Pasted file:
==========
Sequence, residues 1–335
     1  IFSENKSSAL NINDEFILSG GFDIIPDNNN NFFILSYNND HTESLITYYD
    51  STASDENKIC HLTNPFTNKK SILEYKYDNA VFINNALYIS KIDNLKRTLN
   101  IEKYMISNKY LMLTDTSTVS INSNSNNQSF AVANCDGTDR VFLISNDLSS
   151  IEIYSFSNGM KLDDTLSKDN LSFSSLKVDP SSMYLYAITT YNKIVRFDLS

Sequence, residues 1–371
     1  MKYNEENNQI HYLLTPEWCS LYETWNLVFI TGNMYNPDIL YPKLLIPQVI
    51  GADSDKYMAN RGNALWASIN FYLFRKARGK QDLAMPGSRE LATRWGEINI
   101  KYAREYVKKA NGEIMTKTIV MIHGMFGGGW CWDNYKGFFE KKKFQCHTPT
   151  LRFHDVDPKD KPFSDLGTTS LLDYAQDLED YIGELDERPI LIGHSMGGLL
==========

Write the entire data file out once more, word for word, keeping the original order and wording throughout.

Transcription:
Sequence, residues 1–335
     1  IFSENKSSAL NINDEFILSG GFDIIPDNNN NFFILSYNND HTESLITYYD
    51  STASDENKIC HLTNPFTNKK SILEYKYDNA VFINNALYIS KIDNLKRTLN
   101  IEKYMISNKY LMLTDTSTVS INSNSNNQSF AVANCDGTDR VFLISNDLSS
   151  IEIYSFSNGM KLDDTLSKDN LSFSSLKVDP SSMYLYAITT YNKIVRFDLS

Sequence, residues 1–371
     1  MKYNEENNQI HYLLTPEWCS LYETWNLVFI TGNMYNPDIL YPKLLIPQVI
    51  GADSDKYMAN RGNALWASIN FYLFRKARGK QDLAMPGSRE LATRWGEINI
   101  KYAREYVKKA NGEIMTKTIV MIHGMFGGGW CWDNYKGFFE KKKFQCHTPT
   151  LRFHDVDPKD KPFSDLGTTS LLDYAQDLED YIGELDERPI LIGHSMGGLL